Michigan CISO Dan Lohrmann discusses security challenges.
I became the director of Michigan's Office of Enterprise Security almost seven years ago. Looking back, I've learned more from my mistakes than my successes. So I'd like to share four mistakes I've made as a chief information security officer and offer some tips on how to avoid them.
1. Giving up too soon on security improvement ideas. In 2003, we identified the need for agency privacy officers. After fighting for new positions for more than a year, I finally gave up. But recently, these positions were implemented in our customer agencies. Over the years, other great security ideas were offered, but for budget, staffing or other reasons, the improvements were never implemented.
Solution: Never say never on needed security enhancements. My brother Steve, who is a great sales executive, frequently says, "Making a sale takes the right product, at the right price, at the right time, with the right customer [need] and the right salesman." If you're missing one of those components, you probably won't close the deal.
Just because a certain architecture change or other enhancement didn't happen last year, don't give up. Use hot topics like "green IT" to advance cyber-security.
2. Not reading the fine print on contracts. I've lost count of how many security problems we've had with our vendors. From contractor laptops spreading worms on our networks to companies that neglected background checks or inadequate controls built into new computer systems, we've faced dozens of contract-related security issues. A lack of legally binding contract language will definitely lead to costly change orders or weaker security.
Solution: Ensure your boilerplate contract language is up to snuff. A good place to start is the National Institute of Standards and Technology's Computer Security Resource Center. In Michigan, we've also added payment card industry compliance language to relevant contracts, and we include provisions to ensure vendors run background checks on staff.
3. Neglecting the elephant in the room. Most organizations have one or more ongoing "challenges" that never seem to get fixed. Whether it's a security policy that needs to be written, an existing policy that's never enforced or a powerful executive who openly violates the rules, the masses quietly watch as the situation festers.
On one occasion, I was too slow to do the right (but hard) thing when it came to disciplining an employee for unacceptable behavior. Once I acted, many other (seemingly unrelated) security issues were quickly resolved.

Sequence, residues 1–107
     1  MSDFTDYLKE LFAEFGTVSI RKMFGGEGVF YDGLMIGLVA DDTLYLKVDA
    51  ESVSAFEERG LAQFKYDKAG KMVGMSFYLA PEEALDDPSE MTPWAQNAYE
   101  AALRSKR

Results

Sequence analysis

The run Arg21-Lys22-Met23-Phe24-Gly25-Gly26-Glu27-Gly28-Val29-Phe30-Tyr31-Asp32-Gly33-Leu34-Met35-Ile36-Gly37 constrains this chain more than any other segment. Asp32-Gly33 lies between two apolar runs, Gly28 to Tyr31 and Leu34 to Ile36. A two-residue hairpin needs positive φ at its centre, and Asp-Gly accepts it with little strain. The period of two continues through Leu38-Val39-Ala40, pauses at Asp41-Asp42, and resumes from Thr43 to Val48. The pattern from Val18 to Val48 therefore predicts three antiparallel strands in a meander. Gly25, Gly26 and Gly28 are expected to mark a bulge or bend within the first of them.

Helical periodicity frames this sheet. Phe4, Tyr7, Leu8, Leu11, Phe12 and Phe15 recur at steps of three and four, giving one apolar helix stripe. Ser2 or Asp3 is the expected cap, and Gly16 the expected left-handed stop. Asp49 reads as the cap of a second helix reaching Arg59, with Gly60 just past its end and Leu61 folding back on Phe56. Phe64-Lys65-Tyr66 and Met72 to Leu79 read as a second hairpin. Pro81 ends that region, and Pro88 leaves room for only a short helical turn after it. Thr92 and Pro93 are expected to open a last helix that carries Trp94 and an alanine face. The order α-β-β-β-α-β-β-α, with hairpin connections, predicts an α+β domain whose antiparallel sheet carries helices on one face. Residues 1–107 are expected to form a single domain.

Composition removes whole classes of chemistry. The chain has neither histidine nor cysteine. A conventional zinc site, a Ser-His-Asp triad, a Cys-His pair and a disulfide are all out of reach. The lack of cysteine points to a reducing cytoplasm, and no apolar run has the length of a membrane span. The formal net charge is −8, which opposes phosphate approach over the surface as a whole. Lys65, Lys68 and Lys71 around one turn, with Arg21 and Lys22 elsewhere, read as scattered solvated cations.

On another occasion, I became the elephant when I opposed wireless network projects. Armed with a mountain of data, I seemingly won that battle. But I became isolated and started to lose ground on other security issues as executives started going around me.
Solution: Identify the elephant and correct the situation. Get honest feedback on hot-button security issues. Ask what internal and external customers are complaining about. There are usually no easy fixes, but make incremental progress. Failure to act will undermine your reputation. Today I support "secure wireless."
4. Inattention to detail or identifying the wrong root cause. I once went into an important briefing with a huge amount of data, metrics showing more security attacks and plenty of war stories. However, one executive questioned my metrics, our office's approach and even our progress at resolving various security problems. I became very defensive and went off message. I even questioned the questions.
Solution: Know your audience. Do a dry run before briefings. Let trusted colleagues ask hard questions.
I was overconfident and bigheaded during that briefing. Rather than going on the offensive, I should've been humble and offered to get back to her with answers. I knew the axiom, "the devil is in the details," but I was too quick to assume these new questions were flawed. In reality, I was the one who didn't do my homework.
Getting to root security issues can be difficult. Later I realized that she had many excellent arguments and I apologized. Over time, we developed a positive professional relationship. She even apologized to me for not taking the issues offline. Today she helps our security office in many positive ways.
Henry Ford once said, "Even a mistake may turn out to be the one thing necessary to a worthwhile achievement." I couldn't agree more.
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